Housing Costs, Zoning, and Access to High-Scoring Schools

Before the real-estate bubble burst, there was a growing literature on the link between government regulation of housing and home prices. Tougher zoning restrictions, it seemed, drove up the cost of housing. This Brookings Institution report builds off this notion: Restrictive zoning regulations—such as those that limit the construction of high-rise apartments or other multi-family units in certain neighborhoods—not surprisingly create cities that are segregated by income and race. And that, in turn, produces unequal access to quality schools. By loosening or even eliminating restrictive zoning, cities may see housing-cost gaps narrow by as much as 63 percentage points and see school-achievement gaps narrow as a result, Rothwell writes. (In other words, less zoning results in less segregated neighborhoods, and less segregated schools.) In the meantime, district-choice plans, charter schools, and school vouchers can help offset the effects of zoning, the author argues. Unfortunately, in these tough economic times, districts are too often restricting school choice—by drawing tighter attendance zones around specialty schools or by denying bus service to them. That’s a poor way to save money. And if Rothwell teaches us anything, it’s that quality choices are still largely available only to those who can afford them—especially in cities with restrictive zoning.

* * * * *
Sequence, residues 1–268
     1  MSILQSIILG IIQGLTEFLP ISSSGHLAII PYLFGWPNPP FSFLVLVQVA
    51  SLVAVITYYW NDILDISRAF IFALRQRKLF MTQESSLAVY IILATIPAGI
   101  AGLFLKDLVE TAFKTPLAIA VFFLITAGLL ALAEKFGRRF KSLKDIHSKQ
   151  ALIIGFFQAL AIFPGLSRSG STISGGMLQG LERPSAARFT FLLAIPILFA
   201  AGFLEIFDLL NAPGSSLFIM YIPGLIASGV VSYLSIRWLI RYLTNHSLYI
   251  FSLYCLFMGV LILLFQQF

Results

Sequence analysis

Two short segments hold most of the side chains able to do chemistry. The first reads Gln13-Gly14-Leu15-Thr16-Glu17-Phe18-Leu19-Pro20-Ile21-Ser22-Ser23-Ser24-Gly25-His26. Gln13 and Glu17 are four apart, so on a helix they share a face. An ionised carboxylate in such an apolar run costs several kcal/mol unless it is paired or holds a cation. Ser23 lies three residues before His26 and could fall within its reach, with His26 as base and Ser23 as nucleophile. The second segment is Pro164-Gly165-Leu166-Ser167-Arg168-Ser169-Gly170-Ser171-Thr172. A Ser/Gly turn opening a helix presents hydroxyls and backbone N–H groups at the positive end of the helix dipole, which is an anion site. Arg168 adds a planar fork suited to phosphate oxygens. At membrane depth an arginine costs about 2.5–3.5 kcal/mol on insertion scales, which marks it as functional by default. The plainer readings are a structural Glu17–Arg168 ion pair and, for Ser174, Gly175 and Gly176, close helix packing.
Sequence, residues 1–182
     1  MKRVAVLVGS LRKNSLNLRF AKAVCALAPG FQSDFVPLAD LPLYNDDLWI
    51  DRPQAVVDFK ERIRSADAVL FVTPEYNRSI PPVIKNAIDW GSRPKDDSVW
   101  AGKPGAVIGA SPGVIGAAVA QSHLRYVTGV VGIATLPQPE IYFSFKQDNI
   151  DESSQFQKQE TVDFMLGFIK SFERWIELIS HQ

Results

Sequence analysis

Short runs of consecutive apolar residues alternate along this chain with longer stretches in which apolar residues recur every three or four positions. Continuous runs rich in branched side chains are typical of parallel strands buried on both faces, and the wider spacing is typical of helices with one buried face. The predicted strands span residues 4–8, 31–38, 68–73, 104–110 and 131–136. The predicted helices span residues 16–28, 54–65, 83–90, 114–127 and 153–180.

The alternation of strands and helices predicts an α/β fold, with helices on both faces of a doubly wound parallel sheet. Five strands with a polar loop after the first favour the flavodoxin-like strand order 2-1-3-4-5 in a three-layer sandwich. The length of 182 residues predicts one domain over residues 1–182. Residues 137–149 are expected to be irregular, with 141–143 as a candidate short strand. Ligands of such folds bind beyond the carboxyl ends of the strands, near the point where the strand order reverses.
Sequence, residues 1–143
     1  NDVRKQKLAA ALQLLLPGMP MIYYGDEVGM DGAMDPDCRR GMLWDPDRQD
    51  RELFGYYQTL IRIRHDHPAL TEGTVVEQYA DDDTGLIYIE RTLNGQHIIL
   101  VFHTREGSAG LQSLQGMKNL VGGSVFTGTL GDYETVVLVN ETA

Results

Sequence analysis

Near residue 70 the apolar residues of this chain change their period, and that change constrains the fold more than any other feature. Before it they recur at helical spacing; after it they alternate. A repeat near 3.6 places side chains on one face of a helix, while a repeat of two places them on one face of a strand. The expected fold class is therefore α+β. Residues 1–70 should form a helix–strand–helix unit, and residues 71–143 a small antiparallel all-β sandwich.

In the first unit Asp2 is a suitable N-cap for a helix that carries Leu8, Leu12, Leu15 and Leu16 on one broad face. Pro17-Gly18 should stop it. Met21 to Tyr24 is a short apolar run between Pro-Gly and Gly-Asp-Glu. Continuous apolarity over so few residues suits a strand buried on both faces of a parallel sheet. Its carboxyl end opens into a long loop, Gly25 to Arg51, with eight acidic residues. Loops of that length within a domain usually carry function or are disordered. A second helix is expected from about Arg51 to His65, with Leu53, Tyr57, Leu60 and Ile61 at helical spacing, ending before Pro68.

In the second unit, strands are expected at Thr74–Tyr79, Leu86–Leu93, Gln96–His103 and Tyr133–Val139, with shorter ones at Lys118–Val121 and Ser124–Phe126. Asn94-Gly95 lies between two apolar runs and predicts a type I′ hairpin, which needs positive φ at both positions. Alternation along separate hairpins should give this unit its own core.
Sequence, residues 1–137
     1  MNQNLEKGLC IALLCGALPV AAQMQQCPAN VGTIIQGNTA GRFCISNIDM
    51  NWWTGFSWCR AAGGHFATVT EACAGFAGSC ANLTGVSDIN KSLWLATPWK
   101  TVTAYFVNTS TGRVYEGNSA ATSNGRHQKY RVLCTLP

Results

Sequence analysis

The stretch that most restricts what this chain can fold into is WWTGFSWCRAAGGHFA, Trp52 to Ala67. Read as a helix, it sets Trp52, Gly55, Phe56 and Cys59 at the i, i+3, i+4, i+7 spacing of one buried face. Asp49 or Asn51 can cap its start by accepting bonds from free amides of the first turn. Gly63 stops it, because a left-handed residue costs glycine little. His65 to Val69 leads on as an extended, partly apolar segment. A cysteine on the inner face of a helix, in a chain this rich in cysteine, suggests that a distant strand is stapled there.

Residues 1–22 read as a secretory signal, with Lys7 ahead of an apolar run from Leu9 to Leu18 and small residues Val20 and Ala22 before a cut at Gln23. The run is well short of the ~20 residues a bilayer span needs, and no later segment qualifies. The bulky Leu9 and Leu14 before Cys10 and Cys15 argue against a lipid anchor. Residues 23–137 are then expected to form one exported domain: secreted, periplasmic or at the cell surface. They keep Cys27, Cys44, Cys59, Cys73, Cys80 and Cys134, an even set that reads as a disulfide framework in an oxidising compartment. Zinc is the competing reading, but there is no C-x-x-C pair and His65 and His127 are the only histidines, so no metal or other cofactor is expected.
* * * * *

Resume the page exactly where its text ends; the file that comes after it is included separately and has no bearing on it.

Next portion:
Jonathan Rothwell, Housing Costs, Zoning, and Access to High-Scoring Schools (Washington, D.C.: Brookings Metropolitan Policy Program, April 2012).

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